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Why a robot will never be able do your marking

Instead of investing in AI, let's refine our assessment skills – and make marking less of a chore, says Yvonne Williams

Robot marking

Instead of investing in AI, let's refine our assessment skills – and make marking less of a chore, says Yvonne Williams

Artificial Intelligence is set to take over another teaching function, this time complex marking of essays in the higher education sector in the US.

The tie-in with relieving the marking burden is a clever marketing ploy based on the assumptions that:

  • All marking is a chore;
  • Marking is a low-level task;
  • Its only function is to give a grade;
  •  A mere 10 scripts will be sufficient to set up a marking algorithm;
  • It is easy to follow the mindset of a teacher/ examiner;
  • Therefore all marking simply boils down to a formula, which is more or less complicated;
  • Teachers can use the time saved by this service to perform other functions in teaching;
  •  In producing more data, the service is providing added value;
  • Youch! No wonder A-level and GCSE examiners are so poorly remunerated.
     

I have to wonder what kind of assessments the AI tool will be addressing. Will this technological development lead to more easily assessable assignments, so that the marking can be done mechanically? And will it be to the detriment of sophisticated teaching and learning?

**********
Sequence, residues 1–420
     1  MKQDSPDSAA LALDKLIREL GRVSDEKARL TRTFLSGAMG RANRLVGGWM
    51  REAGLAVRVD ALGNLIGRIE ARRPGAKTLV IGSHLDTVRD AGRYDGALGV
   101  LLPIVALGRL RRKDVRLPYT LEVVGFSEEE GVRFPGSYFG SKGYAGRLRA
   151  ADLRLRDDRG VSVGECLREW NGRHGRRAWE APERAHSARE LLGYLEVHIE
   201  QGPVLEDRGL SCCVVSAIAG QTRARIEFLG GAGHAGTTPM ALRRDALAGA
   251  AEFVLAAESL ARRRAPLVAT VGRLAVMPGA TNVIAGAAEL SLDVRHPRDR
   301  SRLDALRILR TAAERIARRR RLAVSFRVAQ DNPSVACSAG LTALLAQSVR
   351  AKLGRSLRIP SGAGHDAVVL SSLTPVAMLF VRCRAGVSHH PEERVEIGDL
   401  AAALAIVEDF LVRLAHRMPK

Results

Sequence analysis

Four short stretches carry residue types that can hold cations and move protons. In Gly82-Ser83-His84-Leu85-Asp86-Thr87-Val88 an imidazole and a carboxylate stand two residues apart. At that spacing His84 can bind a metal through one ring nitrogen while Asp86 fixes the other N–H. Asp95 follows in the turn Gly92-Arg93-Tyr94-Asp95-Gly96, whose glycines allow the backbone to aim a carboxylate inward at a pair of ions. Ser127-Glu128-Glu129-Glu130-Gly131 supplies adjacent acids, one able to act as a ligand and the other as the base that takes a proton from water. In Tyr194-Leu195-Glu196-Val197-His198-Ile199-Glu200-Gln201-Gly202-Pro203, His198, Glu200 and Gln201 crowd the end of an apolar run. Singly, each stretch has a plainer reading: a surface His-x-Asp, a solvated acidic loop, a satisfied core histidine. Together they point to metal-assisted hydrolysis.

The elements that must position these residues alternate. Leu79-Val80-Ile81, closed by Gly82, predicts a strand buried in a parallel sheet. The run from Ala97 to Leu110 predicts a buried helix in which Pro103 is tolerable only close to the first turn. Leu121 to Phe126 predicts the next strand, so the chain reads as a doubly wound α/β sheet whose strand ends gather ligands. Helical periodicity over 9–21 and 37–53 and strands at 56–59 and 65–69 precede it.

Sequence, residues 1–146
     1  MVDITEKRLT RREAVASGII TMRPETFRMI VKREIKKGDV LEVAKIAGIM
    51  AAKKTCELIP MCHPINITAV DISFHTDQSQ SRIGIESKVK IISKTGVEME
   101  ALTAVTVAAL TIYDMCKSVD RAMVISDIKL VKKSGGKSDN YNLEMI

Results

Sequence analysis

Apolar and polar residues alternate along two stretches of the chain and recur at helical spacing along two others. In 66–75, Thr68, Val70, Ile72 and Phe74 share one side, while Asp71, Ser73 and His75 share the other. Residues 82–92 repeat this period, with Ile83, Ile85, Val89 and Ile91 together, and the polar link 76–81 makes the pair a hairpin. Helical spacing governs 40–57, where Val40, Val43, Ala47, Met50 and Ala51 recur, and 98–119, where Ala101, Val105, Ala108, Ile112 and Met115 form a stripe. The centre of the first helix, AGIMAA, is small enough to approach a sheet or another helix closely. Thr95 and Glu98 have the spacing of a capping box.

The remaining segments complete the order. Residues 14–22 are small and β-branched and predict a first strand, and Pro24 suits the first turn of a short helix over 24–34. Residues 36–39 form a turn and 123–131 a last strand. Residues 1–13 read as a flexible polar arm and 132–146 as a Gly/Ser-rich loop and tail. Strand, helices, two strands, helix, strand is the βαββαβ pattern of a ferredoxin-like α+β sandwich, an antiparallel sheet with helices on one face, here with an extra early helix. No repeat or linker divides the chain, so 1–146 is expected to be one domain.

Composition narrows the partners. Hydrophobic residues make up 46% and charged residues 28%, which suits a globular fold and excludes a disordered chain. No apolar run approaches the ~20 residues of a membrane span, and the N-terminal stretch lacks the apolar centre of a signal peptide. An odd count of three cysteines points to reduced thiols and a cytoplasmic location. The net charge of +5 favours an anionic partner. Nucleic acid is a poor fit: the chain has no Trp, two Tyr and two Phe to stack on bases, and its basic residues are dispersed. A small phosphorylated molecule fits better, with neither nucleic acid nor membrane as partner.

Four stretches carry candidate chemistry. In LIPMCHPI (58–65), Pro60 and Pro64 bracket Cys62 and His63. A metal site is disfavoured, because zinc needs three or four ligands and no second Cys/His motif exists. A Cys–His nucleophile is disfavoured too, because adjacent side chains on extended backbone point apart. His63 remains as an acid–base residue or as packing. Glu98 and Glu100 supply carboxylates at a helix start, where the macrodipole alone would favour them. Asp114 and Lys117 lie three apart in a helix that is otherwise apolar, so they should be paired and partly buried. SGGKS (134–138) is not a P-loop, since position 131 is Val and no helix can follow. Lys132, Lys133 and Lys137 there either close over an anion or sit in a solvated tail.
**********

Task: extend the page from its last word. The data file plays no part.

As a former member of the Department for Education working party that produced the report on reducing marking workload, I applaud anything that will cut the excesses of current triple and deep marking in many colours. The ridiculous complications have done much to damage the proper standing of assessment in the curriculum. Claims that computers can perform marking of higher level essays after just 10 examples devalue it further.

Accurate marking is a valuable skill

Proper formative and summative marking is a valuable skill, which takes years to refine.  

Over time there have been numerous attempts to replicate the intelligence that is needed to drive excellent evaluation of pupils’ work. For example, all GCSE and A-level specifications mark schemes become more over-specific with each curriculum change. Do the curriculum experts do this to accommodate what they perceive as less-skilled teachers? The number of pages of criteria for each band rises, but ironically accuracy doesn’t necessarily improve in relation to the expansion. Research by Massey and Raikes in 2006 (you can see find it in this NFER report) compared the detailed mark scheme of economics A-level essays with the less detailed one for sociology. Their conclusions included a tentative and revealing suggestion that more detailed mark schemes were less likely to produce accurate marking because the excess “challenged the examiner’s working memory and inhibited the development of an accurate representation of the text”.

Each essay is a challenge

Numerous studies into ways of improving summative marking still haven’t found the solution to the accuracy and consistency problem. It’s an issue that has obsessed me for years, as my hapless colleagues and family will attest. I have read every study that I can lay hands on.

Last summer was taken up with research into what was required for English A-level essays to be accurately assessed. My husband, himself a senior examiner with many years’ and thousands of scripts' experience, and I debated the issues from a number of perspectives.